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Advisers risking reputation with lead generation services

Some sites clone pages or information from regulated intermediaries. Medical-guardian.co.uk features details of broker Chase Templeton.

The webpage states: “Get top-class Chase Templeton Healthcare offers personally tailored for you. Just complete the application form above to gain access to non-public rates. Saving over 40 per cent: By using our website, visitors will qualify for private rates saving over 40 per cent. Get access now.”

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Warren Dickson, chief executive of Chase Templeton, said: “Medical Guardian has no connection whatsoever with Chase Templeton. Our logo and name have been used without our permission and we are referring the matter to our legal advisers.”

He added: “Unfortunately this is an endemic problem. These sites appear, and seek to generate and sell leads in a wholly inappropriate manner, and, when taken down, promptly reappear under another guise.”

Besides offering instant quotes, which they cannot do, rogue sites often claim to be independent but pass details to in-house salesforces, while some feature logos of major insurers without permission including old names such as Norwich Union. Consumers searching for cover will have no idea the site is outside UK financial regulation and may ignore data protection law.

Moneysupermarket, in common with other regulated comparison sites, sells long-term IP and PMI leads to brokers. It is concerned that the large number of unregulated sites could confuse both brokers and clients.

Emma Walker, head of protection for Moneysupermarket, said that unregulated sites have mastered search engine algorithms. “They know how to use loopholes to top lists. They know hardly anyone looks beyond the first few entries, let alone the second page. One way to achieve a high ranking is via content, cloning material from a reputable source helps,” she added.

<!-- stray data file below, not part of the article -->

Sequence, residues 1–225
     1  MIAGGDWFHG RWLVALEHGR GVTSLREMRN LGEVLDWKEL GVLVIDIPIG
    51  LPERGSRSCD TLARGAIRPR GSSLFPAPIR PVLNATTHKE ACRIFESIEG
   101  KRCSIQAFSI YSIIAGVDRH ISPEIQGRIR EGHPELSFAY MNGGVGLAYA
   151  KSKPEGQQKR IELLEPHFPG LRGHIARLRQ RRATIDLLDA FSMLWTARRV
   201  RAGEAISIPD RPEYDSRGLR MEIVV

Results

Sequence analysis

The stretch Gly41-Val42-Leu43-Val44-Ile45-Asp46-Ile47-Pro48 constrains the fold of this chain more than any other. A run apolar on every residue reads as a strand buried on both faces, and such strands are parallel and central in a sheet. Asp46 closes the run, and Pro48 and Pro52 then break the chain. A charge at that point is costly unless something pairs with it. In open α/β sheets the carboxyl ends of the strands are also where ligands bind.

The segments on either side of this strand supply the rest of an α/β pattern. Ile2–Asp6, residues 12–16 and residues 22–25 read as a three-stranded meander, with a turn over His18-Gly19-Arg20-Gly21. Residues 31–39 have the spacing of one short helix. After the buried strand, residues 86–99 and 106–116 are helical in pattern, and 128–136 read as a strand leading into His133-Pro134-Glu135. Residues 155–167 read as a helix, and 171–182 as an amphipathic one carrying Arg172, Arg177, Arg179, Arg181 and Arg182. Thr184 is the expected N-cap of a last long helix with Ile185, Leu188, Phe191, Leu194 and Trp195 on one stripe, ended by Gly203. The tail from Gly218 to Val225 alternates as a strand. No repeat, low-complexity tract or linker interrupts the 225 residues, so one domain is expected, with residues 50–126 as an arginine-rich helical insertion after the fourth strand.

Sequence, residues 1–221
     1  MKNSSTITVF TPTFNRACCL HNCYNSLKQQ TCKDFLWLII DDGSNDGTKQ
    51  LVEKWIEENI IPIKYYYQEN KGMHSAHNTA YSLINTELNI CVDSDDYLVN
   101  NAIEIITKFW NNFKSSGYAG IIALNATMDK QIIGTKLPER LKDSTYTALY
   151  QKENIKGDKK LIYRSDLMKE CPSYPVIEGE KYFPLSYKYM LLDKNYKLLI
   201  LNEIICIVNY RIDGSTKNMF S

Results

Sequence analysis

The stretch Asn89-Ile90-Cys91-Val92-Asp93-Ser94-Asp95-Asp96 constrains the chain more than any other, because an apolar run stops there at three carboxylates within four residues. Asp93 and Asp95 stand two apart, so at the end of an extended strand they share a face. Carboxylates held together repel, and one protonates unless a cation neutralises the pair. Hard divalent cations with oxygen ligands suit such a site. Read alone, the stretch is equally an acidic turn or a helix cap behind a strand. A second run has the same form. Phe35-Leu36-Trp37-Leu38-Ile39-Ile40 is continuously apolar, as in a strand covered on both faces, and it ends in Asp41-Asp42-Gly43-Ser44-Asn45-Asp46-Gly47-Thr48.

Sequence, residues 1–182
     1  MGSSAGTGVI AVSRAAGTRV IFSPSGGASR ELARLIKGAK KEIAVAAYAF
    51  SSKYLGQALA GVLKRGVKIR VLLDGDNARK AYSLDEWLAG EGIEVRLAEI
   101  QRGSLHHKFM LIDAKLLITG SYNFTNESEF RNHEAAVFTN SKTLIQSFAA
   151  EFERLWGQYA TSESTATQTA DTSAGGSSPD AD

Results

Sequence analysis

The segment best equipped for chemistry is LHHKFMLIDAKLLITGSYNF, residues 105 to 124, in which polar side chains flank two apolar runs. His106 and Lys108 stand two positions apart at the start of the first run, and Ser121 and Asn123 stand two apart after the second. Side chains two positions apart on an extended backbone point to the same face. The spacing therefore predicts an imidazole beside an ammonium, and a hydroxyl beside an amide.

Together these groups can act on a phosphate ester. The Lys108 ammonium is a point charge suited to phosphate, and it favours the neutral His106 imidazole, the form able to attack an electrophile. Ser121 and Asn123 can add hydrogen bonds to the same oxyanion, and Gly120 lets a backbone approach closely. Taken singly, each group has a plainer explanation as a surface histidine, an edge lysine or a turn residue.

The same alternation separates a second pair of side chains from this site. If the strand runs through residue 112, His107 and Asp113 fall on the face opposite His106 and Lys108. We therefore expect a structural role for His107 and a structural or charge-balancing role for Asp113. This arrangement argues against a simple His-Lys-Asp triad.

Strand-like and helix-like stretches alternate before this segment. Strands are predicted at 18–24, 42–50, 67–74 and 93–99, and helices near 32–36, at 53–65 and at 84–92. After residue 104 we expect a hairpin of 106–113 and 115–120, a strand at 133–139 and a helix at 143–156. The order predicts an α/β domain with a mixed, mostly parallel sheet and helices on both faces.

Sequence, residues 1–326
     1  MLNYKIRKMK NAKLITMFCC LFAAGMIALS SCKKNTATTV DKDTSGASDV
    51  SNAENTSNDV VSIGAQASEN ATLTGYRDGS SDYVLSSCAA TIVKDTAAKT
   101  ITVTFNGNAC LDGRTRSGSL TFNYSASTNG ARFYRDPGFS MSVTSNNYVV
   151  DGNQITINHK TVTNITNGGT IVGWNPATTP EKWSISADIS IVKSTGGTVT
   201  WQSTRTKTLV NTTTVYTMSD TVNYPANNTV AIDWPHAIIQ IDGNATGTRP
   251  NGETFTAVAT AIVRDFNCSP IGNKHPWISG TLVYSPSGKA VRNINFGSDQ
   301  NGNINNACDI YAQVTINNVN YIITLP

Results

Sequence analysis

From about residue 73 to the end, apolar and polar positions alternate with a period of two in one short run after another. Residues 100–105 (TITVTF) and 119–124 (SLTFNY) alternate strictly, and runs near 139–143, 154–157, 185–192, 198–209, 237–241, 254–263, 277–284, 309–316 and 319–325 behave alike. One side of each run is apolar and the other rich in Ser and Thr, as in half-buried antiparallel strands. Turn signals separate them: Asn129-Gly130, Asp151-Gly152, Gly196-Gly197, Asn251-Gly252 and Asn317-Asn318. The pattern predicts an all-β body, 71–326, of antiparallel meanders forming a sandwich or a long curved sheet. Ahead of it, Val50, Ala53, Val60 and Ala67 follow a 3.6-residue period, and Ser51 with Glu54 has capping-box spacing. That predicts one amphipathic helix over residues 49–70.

Unregulated sites bid heavily for the coveted top search engine advert spot. They can afford to pay as they pay nothing for compliance, and probably little for staff and premises.

Brokers tempted to lay out £35 to £50 for an unregulated site lead need to ask the details’ provenance. More unscrupulous sites will sell leads already used elsewhere (known as ‘multi-distribution’). This can lead to consumer confusion – or worse. Customers may wonder how often their details have been sold. And as many sites make unjustifiable claims, policyholders might have eventual cause for complaint.

All this adds to acquisition costs – especially if the leads are low quality. PMI brokers can find free leads from the Association of Medical Insurers and Intermediaries site.

Brokers could risk their name using these sites and insurers face a potential backlash because of unauthorised logo use but so far few insurers have proactively policed their intellectual property.

“Brokers need to understand where their leads come from,” said Ms Walker. “They should ask for recommendations from other brokers. And they should not be confused by insurance company logos, many are there without permission. This is a growing issue but one still scarcely discussed or debated. ”